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Peer Review: A Jigsaw Approach

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by Victoria I. Walls, MFA | 15 Apr 2020
Resource Description: This is a jigsaw approach to peer review used in my rhetoric and research class (EAP 1900). Students are required to conduct peer review at least once during the drafting stages of each major project. This activity has been applied to research proposals, bibliographies, argumentative essays, reflective essays, and presentations. I am including the prompt and a sample rotation manual for illustration. 
Audience: University
Audience Language Proficiency: Advanced
Duration: 50-75 min.
Materials and Technology:
  • File sharing system, such as OneDrive or Google Drive 

  • Laptop + Internet (computer labs are especially helpful for this assignment) 

  • Rotation manual 

  • Assigned groups 

Objective(s):
  • Teamwork/collaboration 

  • Writing as process rather than product 

  • Close-reading and textual analysis 

Outcome(s):

Students should have a clearer understanding of concrete and abstract writing conventions, including organization, rhetoric, tone, evidence inclusion, and metacommentary. Students should also develop their teamwork and interpersonal skills. Fundamentally, this assignment is designed to help students develop their learner autonomy, leadership, and sense of ownership over their work.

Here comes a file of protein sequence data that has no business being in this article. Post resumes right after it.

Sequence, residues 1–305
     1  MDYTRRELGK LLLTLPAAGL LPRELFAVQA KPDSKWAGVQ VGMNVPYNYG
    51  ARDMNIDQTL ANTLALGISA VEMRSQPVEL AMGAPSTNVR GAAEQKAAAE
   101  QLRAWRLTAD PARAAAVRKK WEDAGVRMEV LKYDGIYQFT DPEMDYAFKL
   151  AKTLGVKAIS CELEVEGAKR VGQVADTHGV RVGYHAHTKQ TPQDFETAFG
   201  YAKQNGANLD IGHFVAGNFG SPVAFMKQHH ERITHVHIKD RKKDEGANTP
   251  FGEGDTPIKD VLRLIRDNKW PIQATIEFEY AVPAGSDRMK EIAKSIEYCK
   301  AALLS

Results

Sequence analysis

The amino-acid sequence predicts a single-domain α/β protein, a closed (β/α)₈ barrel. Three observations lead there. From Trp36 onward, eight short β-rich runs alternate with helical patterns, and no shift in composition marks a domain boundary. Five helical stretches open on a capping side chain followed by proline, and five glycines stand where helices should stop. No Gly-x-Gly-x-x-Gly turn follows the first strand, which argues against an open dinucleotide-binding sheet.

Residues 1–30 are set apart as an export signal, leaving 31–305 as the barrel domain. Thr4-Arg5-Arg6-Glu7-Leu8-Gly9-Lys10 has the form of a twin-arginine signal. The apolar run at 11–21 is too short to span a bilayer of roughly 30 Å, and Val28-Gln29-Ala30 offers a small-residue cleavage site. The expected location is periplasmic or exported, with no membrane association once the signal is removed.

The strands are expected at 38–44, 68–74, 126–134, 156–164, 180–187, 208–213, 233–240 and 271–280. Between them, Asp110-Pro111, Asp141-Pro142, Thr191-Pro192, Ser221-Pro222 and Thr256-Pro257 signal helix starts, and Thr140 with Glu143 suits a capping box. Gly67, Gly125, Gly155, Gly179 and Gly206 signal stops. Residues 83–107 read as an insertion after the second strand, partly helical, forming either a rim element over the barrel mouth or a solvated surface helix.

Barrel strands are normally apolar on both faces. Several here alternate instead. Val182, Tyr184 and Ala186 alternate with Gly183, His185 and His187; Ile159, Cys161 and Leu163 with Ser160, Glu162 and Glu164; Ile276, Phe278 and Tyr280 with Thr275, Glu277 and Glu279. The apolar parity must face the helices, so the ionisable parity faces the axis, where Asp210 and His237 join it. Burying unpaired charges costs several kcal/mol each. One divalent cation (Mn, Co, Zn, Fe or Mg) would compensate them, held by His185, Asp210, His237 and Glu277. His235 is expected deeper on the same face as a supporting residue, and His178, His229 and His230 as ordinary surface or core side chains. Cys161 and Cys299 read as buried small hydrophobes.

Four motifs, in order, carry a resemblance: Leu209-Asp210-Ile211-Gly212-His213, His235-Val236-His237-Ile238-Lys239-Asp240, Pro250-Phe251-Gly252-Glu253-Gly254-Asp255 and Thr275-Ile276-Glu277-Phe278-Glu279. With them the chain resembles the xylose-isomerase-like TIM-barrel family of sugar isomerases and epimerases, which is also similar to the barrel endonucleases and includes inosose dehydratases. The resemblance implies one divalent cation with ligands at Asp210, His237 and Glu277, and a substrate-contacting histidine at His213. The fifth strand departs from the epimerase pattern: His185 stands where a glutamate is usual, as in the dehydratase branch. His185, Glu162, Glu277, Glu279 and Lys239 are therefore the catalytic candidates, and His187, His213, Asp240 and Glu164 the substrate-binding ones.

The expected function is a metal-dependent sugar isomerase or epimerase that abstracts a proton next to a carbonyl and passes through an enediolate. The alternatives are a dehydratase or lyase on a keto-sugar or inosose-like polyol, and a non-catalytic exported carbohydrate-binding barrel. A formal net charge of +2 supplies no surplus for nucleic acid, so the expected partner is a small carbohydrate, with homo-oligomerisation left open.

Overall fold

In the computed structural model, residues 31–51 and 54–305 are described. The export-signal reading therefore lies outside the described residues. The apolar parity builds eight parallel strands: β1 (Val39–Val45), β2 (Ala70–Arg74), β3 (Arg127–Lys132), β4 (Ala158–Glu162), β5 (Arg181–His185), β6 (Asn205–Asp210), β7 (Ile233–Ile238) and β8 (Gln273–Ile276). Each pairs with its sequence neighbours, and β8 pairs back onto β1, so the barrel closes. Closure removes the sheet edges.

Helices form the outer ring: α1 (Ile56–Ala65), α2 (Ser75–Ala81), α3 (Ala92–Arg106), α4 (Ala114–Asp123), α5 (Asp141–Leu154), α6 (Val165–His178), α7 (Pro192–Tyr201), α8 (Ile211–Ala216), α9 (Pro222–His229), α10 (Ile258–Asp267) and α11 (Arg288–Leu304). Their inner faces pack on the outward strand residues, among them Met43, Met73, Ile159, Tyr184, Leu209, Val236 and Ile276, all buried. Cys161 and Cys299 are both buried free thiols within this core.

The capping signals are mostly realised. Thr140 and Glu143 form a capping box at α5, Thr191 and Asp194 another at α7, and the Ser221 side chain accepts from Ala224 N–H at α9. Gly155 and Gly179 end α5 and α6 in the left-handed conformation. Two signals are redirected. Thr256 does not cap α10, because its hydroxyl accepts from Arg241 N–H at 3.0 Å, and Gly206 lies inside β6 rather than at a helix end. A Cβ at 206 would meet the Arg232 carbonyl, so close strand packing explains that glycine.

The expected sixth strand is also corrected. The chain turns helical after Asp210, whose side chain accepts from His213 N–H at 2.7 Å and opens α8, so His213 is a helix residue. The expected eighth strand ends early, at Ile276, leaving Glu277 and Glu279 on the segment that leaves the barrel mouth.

Activity Description:
  1. Divide students into groups. (This assignment has been designed for groups of four, but tasks can be doubled-up or further segmented to allow for more or fewer students per team.)
  2. Have students submit essays through their file sharing system at least 36 hours before peer review day. (For drafts of 4< pages, I usually give students until 10 PM on Friday to submit their writing. That way, group members have the weekend to complete the peer review annotations. For shorter essays/projects, they shouldn't need as much time.) 
  3. The class period before peer review, use a sample essay to demonstrate how to add comments to a document and color-code their feedback. (Most use the highlighting function but changing the color of the font is also fine.) 
  4. Have students practice their annotations (and topics) using the sample essay during class. (This offers a chance for concept-checking and technology troubleshooting.) 
  5. On peer review day, allow students time to review their comments before beginning discussion. 
  6. Depending on the number of students per team, length of the assignment, and the length of your class period, recommend 15-20 minutes for discussing each paper. (This includes time for the writer to respond with questions.)  
  7. Use remaining time as workshop. 
Uploaded Files:
TESOL Interest Section: Computer-Assisted Language Learning, Higher Education, Intensive English Programs, Second Language Writing